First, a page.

Author(s): Connor J, Whitlock G, Norton R, Jackson R
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Abstract To assess the available evidence for a causal role of driver sleepiness in car crashes or car crash injury, and to quantify the effect, a systematic review of the international literature was conducted. The review included all studies with a fatigue-related exposure measure, a crash or crash injury outcome measure and a comparison group, regardless of publication status, language or date of the study. Eighteen cross-sectional studies and one case-control study fulfilled the inclusion criteria. The fatigue-related exposures investigated in these studies were sleep disorders (n = 14), shift work (n = 2), sleep deprivation/fragmentation (n = 1), and excessive daytime sleepiness (n = 2). Only one study used an injury outcome measure. Studies were limited in their ability to establish a causal relationship by their design, by biases, and in many cases, by small sample sizes. The better quality cross-sectional studies were suggestive of a positive relationship between fatigue and crash risk, but could not provide reliable estimates of the strength of the association. The case-control study provided moderately strong evidence for an association between sleep apnoea and risk of driver injury, with an adjusted odds ratio of 7.2 (95\% confidence interval 2.4-21.8). We conclude that the direct epidemiological evidence for a causal role of fatigue in car crashes is weak, but suggestive of an effect. To estimate the burden of injury due to fatigue-related crashes in the population, information is required from well-designed observational epidemiological studies about the prevalence of fatigue in the car driving population and the size of the risk this confers.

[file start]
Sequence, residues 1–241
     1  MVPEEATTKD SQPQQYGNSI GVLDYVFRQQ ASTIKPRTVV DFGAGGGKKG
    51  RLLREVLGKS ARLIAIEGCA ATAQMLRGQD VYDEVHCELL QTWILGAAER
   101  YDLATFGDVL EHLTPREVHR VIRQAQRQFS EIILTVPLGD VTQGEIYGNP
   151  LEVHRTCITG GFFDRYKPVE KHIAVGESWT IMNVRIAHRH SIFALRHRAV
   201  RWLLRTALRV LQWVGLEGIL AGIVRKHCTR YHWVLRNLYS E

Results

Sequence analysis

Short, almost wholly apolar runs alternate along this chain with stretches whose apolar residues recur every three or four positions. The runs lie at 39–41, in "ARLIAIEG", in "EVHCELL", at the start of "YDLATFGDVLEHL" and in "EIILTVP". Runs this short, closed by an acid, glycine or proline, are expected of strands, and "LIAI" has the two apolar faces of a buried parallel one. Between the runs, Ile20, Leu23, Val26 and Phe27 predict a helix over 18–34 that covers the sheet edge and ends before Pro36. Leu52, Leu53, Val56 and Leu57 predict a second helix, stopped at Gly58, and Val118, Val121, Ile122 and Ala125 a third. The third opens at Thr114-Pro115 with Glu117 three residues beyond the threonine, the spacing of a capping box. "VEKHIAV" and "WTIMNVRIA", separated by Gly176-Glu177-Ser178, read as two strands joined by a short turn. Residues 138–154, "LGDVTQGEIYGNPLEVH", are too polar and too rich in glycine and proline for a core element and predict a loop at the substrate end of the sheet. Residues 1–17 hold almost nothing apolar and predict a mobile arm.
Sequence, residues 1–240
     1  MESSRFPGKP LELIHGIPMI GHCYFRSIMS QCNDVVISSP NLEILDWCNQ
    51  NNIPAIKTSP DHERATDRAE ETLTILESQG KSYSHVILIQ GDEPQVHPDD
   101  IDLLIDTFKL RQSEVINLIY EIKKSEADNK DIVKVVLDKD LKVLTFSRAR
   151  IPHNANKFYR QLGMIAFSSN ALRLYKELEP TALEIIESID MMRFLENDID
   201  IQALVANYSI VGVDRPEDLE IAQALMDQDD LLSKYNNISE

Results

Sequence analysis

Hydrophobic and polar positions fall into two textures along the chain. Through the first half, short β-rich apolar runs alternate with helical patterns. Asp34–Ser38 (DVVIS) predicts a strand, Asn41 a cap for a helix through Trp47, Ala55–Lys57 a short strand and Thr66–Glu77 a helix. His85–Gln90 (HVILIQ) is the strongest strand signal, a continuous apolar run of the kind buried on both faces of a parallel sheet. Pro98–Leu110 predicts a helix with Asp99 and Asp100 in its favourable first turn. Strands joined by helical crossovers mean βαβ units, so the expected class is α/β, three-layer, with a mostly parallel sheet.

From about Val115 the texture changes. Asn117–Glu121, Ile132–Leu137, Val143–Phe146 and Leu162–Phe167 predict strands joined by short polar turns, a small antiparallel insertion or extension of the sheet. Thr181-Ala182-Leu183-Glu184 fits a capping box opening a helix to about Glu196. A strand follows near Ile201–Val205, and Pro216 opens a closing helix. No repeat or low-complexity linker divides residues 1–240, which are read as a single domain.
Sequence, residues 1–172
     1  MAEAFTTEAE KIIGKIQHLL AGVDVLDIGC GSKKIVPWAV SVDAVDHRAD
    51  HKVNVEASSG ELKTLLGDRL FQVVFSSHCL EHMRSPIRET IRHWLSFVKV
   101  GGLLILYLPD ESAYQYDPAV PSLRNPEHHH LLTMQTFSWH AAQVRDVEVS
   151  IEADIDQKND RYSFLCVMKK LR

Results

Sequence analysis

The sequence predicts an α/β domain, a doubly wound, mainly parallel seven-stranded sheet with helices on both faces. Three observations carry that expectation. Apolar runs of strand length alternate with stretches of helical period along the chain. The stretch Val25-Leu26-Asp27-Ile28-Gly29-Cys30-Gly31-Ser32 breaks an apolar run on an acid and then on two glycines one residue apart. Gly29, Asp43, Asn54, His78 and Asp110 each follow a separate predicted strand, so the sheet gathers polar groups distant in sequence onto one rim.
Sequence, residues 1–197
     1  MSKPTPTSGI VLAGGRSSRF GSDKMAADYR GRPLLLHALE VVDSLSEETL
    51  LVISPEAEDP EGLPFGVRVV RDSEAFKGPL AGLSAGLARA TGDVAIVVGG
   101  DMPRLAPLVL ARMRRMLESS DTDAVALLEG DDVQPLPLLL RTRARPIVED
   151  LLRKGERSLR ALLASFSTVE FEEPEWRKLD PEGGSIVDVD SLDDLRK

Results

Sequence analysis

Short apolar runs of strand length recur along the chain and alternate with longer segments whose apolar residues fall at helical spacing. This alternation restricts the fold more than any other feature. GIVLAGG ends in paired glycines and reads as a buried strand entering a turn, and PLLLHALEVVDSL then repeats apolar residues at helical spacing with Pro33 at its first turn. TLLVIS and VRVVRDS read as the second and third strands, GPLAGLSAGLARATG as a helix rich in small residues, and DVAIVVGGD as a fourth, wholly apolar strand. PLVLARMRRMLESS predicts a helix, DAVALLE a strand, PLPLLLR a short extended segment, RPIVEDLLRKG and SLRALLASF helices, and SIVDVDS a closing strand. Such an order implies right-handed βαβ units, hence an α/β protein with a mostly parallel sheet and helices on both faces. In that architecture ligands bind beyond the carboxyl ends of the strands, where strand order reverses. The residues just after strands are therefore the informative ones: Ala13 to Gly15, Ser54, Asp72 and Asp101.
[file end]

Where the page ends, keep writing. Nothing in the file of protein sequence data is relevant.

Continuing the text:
This article was published in Accid Anal Prev
and referenced in Journal of Ergonomics